A terrifying story with a happy ending. Three years ago, a six week old Bengal tiger cub was rescued from a wildlife trafficking attempt at a San Diego area border crossing. Today, the fully grown tiger, Moka, is living happily with another rescued tiger named Nola.
Moka was discovered in the floorboard of a sports car driven by an 18-year-old man who was attempting to smuggle the tiger from Tijuana through the U.S.-Mexico border. As reported by the San Diego Zoo Global Wildlife Conservancy and Border Report, the passenger under whose legs the cub was hidden had at first said that it was "just a cat." The driver, Luis Valencia, when questioned, claimed that he had bought the tiger in Tijuana after seeing someone walking it on a leash and wanted to keep it as a pet. Later, of course, it was discovered that both statements were false, and Luis was sentenced to six months in prison after pleading guilty to conspiracy charges.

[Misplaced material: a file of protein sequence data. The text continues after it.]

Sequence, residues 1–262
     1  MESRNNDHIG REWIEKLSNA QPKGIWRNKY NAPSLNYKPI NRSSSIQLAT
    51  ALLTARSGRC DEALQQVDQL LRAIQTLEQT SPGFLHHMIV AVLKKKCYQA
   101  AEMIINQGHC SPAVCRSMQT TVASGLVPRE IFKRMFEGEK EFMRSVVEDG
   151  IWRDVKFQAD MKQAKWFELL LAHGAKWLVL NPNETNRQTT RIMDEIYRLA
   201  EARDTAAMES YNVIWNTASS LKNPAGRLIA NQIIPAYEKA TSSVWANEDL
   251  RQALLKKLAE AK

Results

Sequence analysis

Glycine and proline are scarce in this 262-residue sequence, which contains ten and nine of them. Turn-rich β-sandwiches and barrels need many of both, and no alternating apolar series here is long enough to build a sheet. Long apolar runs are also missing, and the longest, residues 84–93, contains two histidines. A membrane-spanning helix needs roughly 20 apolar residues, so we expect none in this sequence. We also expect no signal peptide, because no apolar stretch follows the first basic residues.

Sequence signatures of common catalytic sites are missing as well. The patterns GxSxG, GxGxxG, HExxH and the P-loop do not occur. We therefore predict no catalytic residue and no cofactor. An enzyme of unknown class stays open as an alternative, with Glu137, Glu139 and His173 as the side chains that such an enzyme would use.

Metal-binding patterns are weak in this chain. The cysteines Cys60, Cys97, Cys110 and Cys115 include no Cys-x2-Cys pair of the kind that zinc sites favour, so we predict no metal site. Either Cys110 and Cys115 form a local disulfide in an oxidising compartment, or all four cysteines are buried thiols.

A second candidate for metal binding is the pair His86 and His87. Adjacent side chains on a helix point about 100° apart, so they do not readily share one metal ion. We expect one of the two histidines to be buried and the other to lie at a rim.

The cub was taken to the San Diego Zoo Safari Park and had a surgery that saved his life. At the time, his weight was less than that of the average house cat - just 6 pounds. His name, Moka, means "chance" in Bengali and was given to him as a way of commemorating the story of his discovery. There, he got to meet Rakan, "a Sumartan tiger cub whose mother was unable to care for him," and together they grew up, played, wrestled, and pounced, becoming stronger and happier.
After a few months of care, still only a few months old, Moka was moved into an animal sanctuary called Lions, Tigers & Bears east of San Diego where he met Nola from Louisiana - another now fully grown tiger who was rescued as a cub.
The founder and director of Lions, Tigers & bears, Bobbi Brink, told Border Report that "[Moka and Nola] were both the same age, so they made great roommates, now they're best of friends," as well as that "[h]e's kind of shy but Nola is his strength. She'll be the first one to go out and check out something then slowly but surely he'll be right behind her," and no ending could make us happier.
Take a look at pictures of Moka from three years ago, over the first three months at the safari (with Rakan!) and today below.